On Election Day, Michigan voters could pass cannabis legalization — but they could also elect a longtime anti-cannabis crusader as the state’s next governor.
Democrat Gretchen Whitmer has been a supporter of legalization while serving in the state Senate, but Republican candidate and current Attorney General Bill Schuette’s long history as one of the state’s most vocal and powerful leaders against cannabis worries those who believe that he would use his new executive authority to stymie legalization.
Right now, the numbers look good for both Whitmer and legalization: a September survey showed that Whitmer has a comfortable lead over Schuette, with a total of 49.8% of voters saying Whitmer has their vote, and 36.1% expected to cast theirs for Schuette. And a recent poll commissioned by The Detroit News and WDIV-TV shows that 58% of voters plan to endorse the initiative.
But while cannabis proponents are optimistic about the prospects for legalization regardless of what happens in the governor’s race, Jamie Lowell, a pro-cannabis grassroots organizer with the group MI Legalize, argues that political leadership after the November election will be key to the success or failure of the state’s cannabis industry.
“It’s paramount that in order for this thing to have a chance to be implemented with a little bit of sense,” Lowell told Cannabis Wire, advocates need to “make sure Schuette is not our next governor.”
Whitmer said in an email to Cannabis Wire that she understands the issues related to cannabis and would be proactive as governor. “I will be a ‘Yes’ vote on the proposal to legalize recreational marijuana here in Michigan,” she wrote. “As governor, I’ll make sure we regulate it so it doesn’t get into the hands of our kids and tax it so we can use the money to fix our crumbling infrastructure and broken education system.… I’ll work with everyone who wants to ensure we tax and regulate marijuana responsibly.”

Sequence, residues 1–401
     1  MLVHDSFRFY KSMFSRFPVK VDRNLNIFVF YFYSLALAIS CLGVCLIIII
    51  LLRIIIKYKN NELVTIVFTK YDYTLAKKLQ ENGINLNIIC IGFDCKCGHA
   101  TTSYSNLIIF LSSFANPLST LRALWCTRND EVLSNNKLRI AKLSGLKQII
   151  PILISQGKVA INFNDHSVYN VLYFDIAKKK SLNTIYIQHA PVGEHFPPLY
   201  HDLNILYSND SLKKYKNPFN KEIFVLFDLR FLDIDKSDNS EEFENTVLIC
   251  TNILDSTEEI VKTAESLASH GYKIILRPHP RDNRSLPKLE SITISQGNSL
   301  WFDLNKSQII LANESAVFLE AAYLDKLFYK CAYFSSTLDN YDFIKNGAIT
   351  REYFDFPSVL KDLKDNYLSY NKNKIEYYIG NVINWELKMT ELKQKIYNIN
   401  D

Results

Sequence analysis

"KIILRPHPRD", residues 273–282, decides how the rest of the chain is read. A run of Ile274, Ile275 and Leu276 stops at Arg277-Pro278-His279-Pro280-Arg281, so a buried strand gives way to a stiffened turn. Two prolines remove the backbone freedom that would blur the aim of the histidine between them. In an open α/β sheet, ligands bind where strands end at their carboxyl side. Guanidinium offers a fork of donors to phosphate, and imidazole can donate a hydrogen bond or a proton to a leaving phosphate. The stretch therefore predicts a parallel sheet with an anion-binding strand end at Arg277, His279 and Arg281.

Schuette’s campaign did not respond to two email requests for comment, but he has said he would withhold judgment on adult-use cannabis until voters decide which way to go.
In 2008, Schuette was a Michigan Court of Appeals judge and a leader of Citizens Protecting Michigan’s Kids, the primary anti-cannabis advocacy group fighting the successful 2008 campaign to legalize cannabis for medical purposes.
As attorney general, Schuette has been direct in his anti-cannabis positions. In one 2011 opinion, No. 7262, Schuette said that by “returning marihuana to a registered patient or caregiver, a law enforcement officer is exposing himself or herself to potential criminal and civil penalties under the [Controlled Substances Act].” Another allowed private property owners, such as landlords, to ban smoking cannabis, including as medicine. While these opinions are not law, they often play a big role in political debates and can be cited by government agencies to defend their decisions.
Lowell, of MI Legalize, told Cannabis Wire that Schuette’s opinions hampered reasonable debate and created obstacles for government officials trying to issue licenses and regulations around the medical law. Michigan’s Medical Marijuana Licensing Board has accepted hundreds of applications for licenses but few have been approved.